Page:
Spinnaker Tower from the Gosport Ferry

Spinnaker Tower from the Gosport Ferry

If you’re at NAM this week, then I’ve love to talk about LSST, hacking on data, and Zooniverse. On Wednesday you’ll find me in the Park Building, at the University of Portsmouth at the GitHub/.Astronomy NAM 2014 Hack Day. I’ll also be at the GitHub drink up on Tuesday night at The White Swan from 7pm – where you can enjoy some of the finest cask ales, draught beers and wines in Portsmouth – and GitHub are paying! More details at https://github.com/blog/1849-github-meetup-in-portsmouth-uk.

* i.e. the sky visible from its location – not literally the entire sky
** We’ve now had more than 1 million volunteers pass through our digital doors.

Operation War Diary Screenshot

Working at the Zooniverse means that I get to indulge many of my interests beyond astronomy, like history. In January we launched a project in partnership with the Imperial War Museum and the National Archives called Operation War Diary. It’s a ‘citizen history’ site that asks the public to tag and transcribe more than one million war diaries, and other handwritten notes, produced on the western front during the First World War. 2014 is the centenary year of the start of the war and we hope that this project will recover information that had been all but lost over the last one hundred years.

The results of this project are starting to appear now. The project is meant to run for several years, but there are already new ways to explore and understand the data thanks to effort of the tens of thousands of people who have taken part in Operation War Diary. As an example, the video below is an animation of the casualties reported in the diaries tagged so far. You can also see this map online at http://cdb.io/1pqB4kp.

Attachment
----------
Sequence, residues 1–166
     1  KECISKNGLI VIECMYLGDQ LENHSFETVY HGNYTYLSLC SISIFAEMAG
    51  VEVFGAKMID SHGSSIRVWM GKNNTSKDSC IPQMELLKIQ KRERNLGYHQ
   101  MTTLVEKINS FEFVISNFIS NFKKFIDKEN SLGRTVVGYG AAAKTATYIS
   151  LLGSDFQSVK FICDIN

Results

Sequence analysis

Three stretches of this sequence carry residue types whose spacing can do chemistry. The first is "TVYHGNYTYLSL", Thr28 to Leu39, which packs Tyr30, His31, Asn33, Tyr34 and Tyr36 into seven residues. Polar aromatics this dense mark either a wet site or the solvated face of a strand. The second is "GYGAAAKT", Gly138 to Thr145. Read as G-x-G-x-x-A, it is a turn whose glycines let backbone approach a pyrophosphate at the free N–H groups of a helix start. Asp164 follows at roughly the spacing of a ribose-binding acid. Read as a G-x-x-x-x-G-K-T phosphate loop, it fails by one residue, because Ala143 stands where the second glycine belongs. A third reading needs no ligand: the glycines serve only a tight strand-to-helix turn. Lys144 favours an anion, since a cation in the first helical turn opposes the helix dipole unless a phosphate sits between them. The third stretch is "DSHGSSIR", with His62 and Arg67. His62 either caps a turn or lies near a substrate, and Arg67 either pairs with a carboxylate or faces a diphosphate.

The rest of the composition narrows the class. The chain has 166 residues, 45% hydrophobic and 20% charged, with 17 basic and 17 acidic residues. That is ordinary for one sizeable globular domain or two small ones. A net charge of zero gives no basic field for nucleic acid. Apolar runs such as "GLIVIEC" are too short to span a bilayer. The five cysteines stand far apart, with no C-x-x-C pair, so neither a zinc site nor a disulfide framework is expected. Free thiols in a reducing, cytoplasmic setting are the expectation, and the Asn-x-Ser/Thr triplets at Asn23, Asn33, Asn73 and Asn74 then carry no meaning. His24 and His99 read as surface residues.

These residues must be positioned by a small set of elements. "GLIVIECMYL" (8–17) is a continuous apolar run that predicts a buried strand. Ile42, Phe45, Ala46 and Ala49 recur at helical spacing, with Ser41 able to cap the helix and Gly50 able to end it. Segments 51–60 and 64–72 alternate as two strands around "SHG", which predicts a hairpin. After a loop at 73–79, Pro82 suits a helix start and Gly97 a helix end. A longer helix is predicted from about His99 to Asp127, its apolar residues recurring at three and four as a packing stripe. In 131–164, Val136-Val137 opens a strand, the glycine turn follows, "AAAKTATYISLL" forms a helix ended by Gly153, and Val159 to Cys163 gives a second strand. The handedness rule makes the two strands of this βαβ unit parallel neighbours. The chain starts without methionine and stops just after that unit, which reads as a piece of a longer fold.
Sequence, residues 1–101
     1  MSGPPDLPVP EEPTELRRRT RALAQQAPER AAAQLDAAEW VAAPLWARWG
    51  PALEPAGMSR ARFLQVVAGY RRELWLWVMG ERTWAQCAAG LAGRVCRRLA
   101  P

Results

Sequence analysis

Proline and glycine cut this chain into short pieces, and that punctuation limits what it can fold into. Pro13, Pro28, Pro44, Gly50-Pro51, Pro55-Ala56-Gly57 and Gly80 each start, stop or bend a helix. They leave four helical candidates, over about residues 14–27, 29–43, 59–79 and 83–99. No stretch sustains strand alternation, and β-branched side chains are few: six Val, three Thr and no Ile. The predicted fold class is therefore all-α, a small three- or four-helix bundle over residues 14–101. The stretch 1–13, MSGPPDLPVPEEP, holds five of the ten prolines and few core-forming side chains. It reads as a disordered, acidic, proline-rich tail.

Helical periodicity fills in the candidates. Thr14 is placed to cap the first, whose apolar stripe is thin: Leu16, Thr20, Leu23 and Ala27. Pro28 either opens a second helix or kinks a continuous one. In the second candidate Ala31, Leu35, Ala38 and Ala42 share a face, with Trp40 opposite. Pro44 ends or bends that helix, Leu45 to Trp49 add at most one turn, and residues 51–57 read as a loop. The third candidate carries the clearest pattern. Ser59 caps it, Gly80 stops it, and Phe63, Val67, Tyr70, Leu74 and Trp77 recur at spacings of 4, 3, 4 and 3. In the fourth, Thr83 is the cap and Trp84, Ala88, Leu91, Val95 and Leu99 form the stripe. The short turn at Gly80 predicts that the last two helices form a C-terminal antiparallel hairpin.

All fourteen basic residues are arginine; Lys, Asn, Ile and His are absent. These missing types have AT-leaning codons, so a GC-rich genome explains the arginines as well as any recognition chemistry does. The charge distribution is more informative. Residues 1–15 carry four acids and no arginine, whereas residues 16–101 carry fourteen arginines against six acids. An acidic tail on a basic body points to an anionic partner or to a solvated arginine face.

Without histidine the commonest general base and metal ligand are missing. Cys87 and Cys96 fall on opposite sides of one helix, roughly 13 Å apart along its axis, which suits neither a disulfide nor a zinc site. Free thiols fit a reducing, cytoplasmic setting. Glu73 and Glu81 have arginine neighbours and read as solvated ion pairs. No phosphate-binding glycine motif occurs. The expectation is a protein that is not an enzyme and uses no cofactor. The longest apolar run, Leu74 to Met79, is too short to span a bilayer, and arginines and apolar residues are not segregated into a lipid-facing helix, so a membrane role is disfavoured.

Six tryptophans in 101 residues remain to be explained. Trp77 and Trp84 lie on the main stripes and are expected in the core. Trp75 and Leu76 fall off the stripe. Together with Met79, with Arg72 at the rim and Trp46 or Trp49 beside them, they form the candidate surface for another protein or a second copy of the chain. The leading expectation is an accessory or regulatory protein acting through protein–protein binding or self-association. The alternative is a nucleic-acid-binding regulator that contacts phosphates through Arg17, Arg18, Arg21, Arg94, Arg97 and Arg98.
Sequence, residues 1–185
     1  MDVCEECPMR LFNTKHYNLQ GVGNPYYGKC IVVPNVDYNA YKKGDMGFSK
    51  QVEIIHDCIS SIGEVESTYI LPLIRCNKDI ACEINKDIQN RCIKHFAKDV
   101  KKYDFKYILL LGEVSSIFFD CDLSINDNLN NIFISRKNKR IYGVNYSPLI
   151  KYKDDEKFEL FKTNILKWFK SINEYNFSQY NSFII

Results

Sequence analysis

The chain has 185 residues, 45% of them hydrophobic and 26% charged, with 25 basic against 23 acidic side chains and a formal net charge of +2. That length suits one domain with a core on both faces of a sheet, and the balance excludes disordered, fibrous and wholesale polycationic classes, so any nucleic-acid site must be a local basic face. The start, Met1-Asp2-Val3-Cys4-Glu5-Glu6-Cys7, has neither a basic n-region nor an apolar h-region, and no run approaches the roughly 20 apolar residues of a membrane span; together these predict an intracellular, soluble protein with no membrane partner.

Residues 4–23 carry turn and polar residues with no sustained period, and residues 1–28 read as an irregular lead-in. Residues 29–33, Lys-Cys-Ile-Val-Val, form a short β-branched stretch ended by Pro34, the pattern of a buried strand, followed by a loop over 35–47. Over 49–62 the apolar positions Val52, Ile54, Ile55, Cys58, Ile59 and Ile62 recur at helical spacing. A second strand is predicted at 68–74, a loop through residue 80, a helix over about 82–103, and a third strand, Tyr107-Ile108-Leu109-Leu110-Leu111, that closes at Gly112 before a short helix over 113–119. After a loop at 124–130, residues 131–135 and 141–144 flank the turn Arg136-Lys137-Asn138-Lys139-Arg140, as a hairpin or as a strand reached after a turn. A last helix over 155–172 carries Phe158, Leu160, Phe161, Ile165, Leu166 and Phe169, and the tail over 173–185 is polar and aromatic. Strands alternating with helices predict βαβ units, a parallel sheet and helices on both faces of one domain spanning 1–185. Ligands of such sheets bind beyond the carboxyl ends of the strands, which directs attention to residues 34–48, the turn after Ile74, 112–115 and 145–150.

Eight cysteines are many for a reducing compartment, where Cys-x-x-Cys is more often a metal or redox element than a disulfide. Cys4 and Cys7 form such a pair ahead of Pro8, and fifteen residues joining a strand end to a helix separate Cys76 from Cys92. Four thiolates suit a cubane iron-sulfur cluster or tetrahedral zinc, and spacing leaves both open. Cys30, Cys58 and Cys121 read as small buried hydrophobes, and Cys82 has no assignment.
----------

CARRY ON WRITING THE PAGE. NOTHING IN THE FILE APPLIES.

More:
This map was created by Operation War Diary developer Jim O’Donnell and it’s not a final map by any means but it shows the power of crowdsourcing these kinds of tasks. If that all intrigues you, you can involved here http://www.operationwardiary.org/ – and read more about the project in this blog post. You can follow Operation War Diary on Facebook and Twitter too!

I shared this today, in a presentation, as an example of the many projects created by the Zooniverse team, which could be described as ‘Social Machines’. I work as part of a project called SOCIAM, which is investigating these Social Machines as a research topic.

Social machines were predicted in the early days of the web and are an emergent, social entity typified by large group of people working together online to achieve things neither the machine nor the human network could otherwise achieve. Zooniverse projects are a great example of a social machine for scientific discovery, which is why we were invited to join this collaboration.